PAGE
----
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WSU Men's Basketball

Washington State assistant, ex-Garfield coach Ed Haskins preparing for reunion with Washington’s Jaylen Nowell

Washington’s Jaylen Nowell (5) turns one way as Seattle’s Jordan Hill (2) tumbles the other direction in the first half of an NCAA college basketball game Friday, Nov. 24, 2017, in Seattle. (Elaine Thompson / Associated Press)

PULLMAN – Washington’s basketball team is no longer buoyed by Markelle Fultz, the top pick of the 2017 NBA Draft, but opponents still can’t expect to beat the Huskies without keeping the Pac-12’s top-scoring freshman guard in check.

UW lost one – Fultz scored 23.3 points per game during his lone season in Seattle – but gained another in Jaylen Nowell, whose 16.4 points per game lead the Huskies and rank second among Pac-12 rookies, next to Arizona forward DeAndre Ayton.

Nowell has reached double figures in all but one game this season and UW’s scoring-savvy guard brings his glowing numbers into a rivalry matchup at Beasley Coliseum on Saturday between the Huskies (11-4, 1-1) and the Cougars (8-6, 0-2).

It’ll be the first Washington State’s seen of Nowell as a college player, but one member of Ernie Kent’s staff has plenty of fond memories of the young Huskies star in a purple uniform.

Before coming to UW, Nowell was a four-year prep standout at Garfield High – a 3A powerhouse in Seattle that won 213 games and a pair of state championships from 2009-17 under the direction of former coach Ed Haskins. In April, Haskins left Garfield to join Kent’s staff in Pullman as an assistant.

His first season at WSU has somewhat doubled as a reunion tour – Haskins will see at least three of his former Garfield players this season – and Saturday’s rivalry game figures to be a precious one for both the player and coach.

“It’s always love with me and Jaylen,” said Haskins, who already ran into ex-Garfield guard B.J. Blake (Idaho) and will re-connect with Daejon Davis (Stanford) in Pac-12 play later this season. “I always want to see him do well, but he knows me and I know him and we’re going to compete until the 10th degree. It’ll be definitely different with not coaching him and him not coming to our bench, but I know he’s where he’s supposed to be and so it’s very, very exciting.”

Haskins was not merely a four-year basketball instructor for the UW freshman.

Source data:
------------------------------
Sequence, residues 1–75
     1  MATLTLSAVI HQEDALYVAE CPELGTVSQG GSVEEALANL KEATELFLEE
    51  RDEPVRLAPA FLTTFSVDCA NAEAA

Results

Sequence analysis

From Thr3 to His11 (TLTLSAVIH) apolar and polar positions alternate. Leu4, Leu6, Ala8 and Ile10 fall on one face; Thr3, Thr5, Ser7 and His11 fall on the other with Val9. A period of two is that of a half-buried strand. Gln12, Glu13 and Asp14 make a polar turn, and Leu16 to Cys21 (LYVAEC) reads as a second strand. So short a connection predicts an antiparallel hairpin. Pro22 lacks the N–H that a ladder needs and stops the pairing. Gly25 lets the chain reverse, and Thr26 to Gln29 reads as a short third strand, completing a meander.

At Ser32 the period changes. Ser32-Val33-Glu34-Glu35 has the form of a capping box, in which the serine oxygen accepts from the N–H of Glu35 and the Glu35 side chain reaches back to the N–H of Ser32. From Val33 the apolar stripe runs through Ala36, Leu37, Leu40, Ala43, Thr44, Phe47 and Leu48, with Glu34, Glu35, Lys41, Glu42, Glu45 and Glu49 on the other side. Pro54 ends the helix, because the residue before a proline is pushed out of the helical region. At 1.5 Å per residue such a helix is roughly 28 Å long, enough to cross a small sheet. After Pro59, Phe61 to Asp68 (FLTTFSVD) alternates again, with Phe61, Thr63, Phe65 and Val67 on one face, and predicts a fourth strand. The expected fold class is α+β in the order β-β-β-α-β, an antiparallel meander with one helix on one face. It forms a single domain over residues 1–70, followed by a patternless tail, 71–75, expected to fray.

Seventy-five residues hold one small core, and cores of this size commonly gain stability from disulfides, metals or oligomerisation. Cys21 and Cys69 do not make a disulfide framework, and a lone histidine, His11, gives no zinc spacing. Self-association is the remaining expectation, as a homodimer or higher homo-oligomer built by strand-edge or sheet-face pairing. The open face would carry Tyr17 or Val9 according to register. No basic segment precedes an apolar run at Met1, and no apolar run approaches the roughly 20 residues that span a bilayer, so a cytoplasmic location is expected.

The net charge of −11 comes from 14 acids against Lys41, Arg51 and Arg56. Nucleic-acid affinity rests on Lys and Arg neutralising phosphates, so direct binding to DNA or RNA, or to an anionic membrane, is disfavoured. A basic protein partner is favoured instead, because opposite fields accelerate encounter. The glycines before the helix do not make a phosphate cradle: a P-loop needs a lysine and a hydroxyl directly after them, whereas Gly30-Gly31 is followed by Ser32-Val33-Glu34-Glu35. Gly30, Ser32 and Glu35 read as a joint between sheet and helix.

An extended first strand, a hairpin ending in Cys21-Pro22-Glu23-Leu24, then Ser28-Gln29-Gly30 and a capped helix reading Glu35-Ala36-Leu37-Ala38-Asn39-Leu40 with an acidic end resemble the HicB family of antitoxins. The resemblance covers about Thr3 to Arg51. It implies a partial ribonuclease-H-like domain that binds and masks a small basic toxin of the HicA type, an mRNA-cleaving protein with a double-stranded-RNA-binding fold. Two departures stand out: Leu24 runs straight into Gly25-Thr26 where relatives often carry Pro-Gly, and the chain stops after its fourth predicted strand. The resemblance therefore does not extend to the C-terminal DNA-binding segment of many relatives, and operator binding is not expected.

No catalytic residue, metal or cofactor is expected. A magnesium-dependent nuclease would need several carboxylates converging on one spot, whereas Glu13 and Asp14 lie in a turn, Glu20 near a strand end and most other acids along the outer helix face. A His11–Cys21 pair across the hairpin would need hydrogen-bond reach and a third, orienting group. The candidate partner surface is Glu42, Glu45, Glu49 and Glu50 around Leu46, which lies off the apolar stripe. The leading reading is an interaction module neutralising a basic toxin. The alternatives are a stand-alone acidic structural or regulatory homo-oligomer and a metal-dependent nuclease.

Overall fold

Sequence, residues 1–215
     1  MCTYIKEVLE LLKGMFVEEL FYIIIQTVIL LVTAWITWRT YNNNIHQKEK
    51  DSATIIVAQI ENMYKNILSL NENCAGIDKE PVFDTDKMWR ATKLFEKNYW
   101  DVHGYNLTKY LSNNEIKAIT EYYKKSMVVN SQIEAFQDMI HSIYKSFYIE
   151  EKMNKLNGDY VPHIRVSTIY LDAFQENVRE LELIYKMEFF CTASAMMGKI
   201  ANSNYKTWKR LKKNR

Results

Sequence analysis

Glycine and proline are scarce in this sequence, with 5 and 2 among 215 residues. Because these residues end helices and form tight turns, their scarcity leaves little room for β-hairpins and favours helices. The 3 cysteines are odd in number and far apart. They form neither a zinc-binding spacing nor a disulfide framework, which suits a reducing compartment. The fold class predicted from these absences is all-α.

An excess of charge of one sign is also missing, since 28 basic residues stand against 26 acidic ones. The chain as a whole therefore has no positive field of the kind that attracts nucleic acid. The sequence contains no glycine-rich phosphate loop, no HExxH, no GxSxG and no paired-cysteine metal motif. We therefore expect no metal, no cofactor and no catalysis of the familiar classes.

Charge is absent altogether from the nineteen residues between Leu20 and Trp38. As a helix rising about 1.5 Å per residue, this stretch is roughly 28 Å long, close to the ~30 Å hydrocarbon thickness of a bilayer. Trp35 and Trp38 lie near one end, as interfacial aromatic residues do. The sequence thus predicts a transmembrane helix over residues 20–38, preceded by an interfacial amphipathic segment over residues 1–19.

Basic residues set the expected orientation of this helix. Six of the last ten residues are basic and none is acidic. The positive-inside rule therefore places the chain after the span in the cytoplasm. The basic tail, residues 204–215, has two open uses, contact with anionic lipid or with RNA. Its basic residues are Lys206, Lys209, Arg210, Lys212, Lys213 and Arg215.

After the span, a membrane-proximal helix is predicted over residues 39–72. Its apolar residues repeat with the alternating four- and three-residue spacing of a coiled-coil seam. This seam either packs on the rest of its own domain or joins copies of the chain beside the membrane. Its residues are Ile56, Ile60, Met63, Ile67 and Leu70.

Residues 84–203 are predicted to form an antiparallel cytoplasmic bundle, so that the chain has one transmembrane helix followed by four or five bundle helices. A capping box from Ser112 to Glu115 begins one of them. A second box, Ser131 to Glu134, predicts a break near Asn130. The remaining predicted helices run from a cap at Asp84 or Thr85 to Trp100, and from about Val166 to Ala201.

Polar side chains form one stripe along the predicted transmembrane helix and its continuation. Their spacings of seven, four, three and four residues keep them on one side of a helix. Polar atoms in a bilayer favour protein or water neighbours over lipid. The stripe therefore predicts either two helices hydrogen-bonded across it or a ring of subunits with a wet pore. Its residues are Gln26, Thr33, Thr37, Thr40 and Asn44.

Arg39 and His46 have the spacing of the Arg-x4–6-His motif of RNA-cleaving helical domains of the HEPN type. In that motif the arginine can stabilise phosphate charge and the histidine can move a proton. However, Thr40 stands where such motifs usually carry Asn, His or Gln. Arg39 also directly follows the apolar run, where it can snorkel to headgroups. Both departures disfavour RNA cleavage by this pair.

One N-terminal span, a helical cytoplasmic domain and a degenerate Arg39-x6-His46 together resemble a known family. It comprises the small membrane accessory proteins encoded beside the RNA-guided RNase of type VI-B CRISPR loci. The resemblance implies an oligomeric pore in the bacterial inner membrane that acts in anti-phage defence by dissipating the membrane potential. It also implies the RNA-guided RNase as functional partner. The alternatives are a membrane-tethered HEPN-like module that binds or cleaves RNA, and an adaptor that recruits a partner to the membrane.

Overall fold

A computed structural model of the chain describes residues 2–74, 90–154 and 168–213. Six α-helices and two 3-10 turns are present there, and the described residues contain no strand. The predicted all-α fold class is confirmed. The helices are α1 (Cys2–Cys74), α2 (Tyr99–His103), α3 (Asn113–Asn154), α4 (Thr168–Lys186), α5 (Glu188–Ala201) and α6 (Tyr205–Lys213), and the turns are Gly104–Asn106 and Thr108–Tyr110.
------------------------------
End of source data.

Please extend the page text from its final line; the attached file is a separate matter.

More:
He’s known Nowell since birth and has memories of the young boy trudging into Seattle Pro-Am basketball practices wearing his shoulder pads and football spikes. Nowell, no older than fifth grade, sat atop the wooden bleachers and watched his father gallop up and down the floor alongside Haskins and other members of the Doug Christie League Pro-Am team.

Haskins and Mike Nowell – more commonly known as “Big Mike” – were longtime friends and well-respected figures among Seattle’s vibrant basketball community. Mike Nowell was an all-conference player at Clark Atlanta University and spent time playing professionally in the Continental Basketball Association (CBA).

Before dying of cancer in 2015, he offered years of his life to the hoops scene in the Puget Sound – as a coach for the Rotary Style AAU club, as an assistant to Haskins at Garfield and as an aid to Cameron Dollar at Seattle U.

When his father passed, Jaylen Nowell was a few months removed from his standout sophomore season at Garfield, one that saw him capture a 3A title with the Bulldogs, scoring 23.3 ppg en route to first-team all-state honors.

“It was very, very hard on the family,” Haskins said, “but I think it really brought them closer together and gave the boys a lot more focus on what they really want to do.”

The city’s tight-knit basketball family embraced Jaylen, who received messages of encouragement from Seattle basketball titans Nate Robinson, Jamal Crawford, Brandon Roy, Tony Wroten and others.

“All those guys stepped in,” Haskins said.

So did Haskins.

“I feel like I played the role I was supposed to play and I think some of that was father figure, maybe uncle, friend, coach,” he said.

Haskins is preparing for an unusual role on Saturday: opponent.

When UW fired longtime coach Lorenzo Romar, a number of the Huskies’ high-profile recruits reneged on their commitments, including top prospect Michael Porter Jr., who fled to Missouri, and Davis, who signed with the Cardinal.

Nowell vowed to remain a Husky, pledging to first-year coach Mike Hopkins, who’s already led UW to major wins over Kansas and USC.

“These kids have to make the right decision for them and Lorenzo was a great influence on a lot of those kids in the city,” Haskins said. “And with Jaylen, if you looked on his Twitter, his Instagram whatever … Jaylen is committed to the town and I think more than that, he’s committed to his family. His mom, his little brother that are obviously both right there.”

So what can WSU expect from UW’s high-scorer on Saturday?

Nowell, according to his old high school coach, is “probably one of the best scorers out of Seattle in the last 10, 15 years at least.” Haskins adds that “he can just put the ball in the hole in a myriad ways, he’s an underrated three-point shooter … a determined driver and he’s a mid-range assassin.”

And lest you think the Cougars are better suited to stop Nowell than most because his longtime mentor is sitting on the WSU bench …

“First of all, have you seen Ed play defense,” Kent joked Thursday. “Secondly, (Jaylen) would shoot over the top of him anyway cause Ed’s so short. So that ain’t going to help us at all. I think he’s a really, really terrific player.”